Given a directed graph with multiple start nodes and multiple end nodes, I need to form paths that visit every reachable edge, but I cannot visit any edge (or vertex) more than once during a single pass. [This is to electrically test every connection in a network by sending signals from start to end nodes, but I cannot allow paths to short together.]
Because I cannot re-visit edges during a single pass:
- I can safely ignore the cycles in the graph.
- I know each path I form will block other paths.
- Consequently, I cannot visit every reachable edge in one pass, so multiple passes are necessary.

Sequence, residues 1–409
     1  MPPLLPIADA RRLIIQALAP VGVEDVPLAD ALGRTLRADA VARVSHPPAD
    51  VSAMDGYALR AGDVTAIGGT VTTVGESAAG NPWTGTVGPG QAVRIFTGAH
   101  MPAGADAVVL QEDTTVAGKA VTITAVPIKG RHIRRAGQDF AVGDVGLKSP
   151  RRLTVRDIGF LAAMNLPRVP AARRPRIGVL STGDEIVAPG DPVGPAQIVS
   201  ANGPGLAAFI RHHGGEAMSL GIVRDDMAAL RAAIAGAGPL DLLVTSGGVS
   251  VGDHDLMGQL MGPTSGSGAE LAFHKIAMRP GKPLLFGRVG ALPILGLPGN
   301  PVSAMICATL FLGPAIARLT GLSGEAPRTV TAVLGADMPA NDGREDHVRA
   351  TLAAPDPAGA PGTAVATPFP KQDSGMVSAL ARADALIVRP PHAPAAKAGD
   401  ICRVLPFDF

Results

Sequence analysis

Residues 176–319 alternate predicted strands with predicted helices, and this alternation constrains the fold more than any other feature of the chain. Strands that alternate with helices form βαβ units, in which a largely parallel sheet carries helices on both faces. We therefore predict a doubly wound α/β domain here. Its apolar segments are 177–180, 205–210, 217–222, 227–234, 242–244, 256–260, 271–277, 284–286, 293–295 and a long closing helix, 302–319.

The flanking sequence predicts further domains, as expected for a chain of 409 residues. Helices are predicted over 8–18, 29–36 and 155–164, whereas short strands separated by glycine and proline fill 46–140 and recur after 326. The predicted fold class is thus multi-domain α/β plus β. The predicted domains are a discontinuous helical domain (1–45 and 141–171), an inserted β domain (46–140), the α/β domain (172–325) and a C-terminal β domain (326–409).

From context, I know that the minimum number of passes will be the maximum number of edges entering any vertex. Once I finish a given pass, I am free to re-visit edges that were visited in previous passes, but never-visited edges are the ones that I most want to visit.
I would like to visit "many" edges per pass, so that I can reduce total the number of passes, but I do not strictly need to minimize the number of passes.
Any suggestions on algorithms to accomplish this? It sounds a little like the route inspection problem, except that my graph is directed.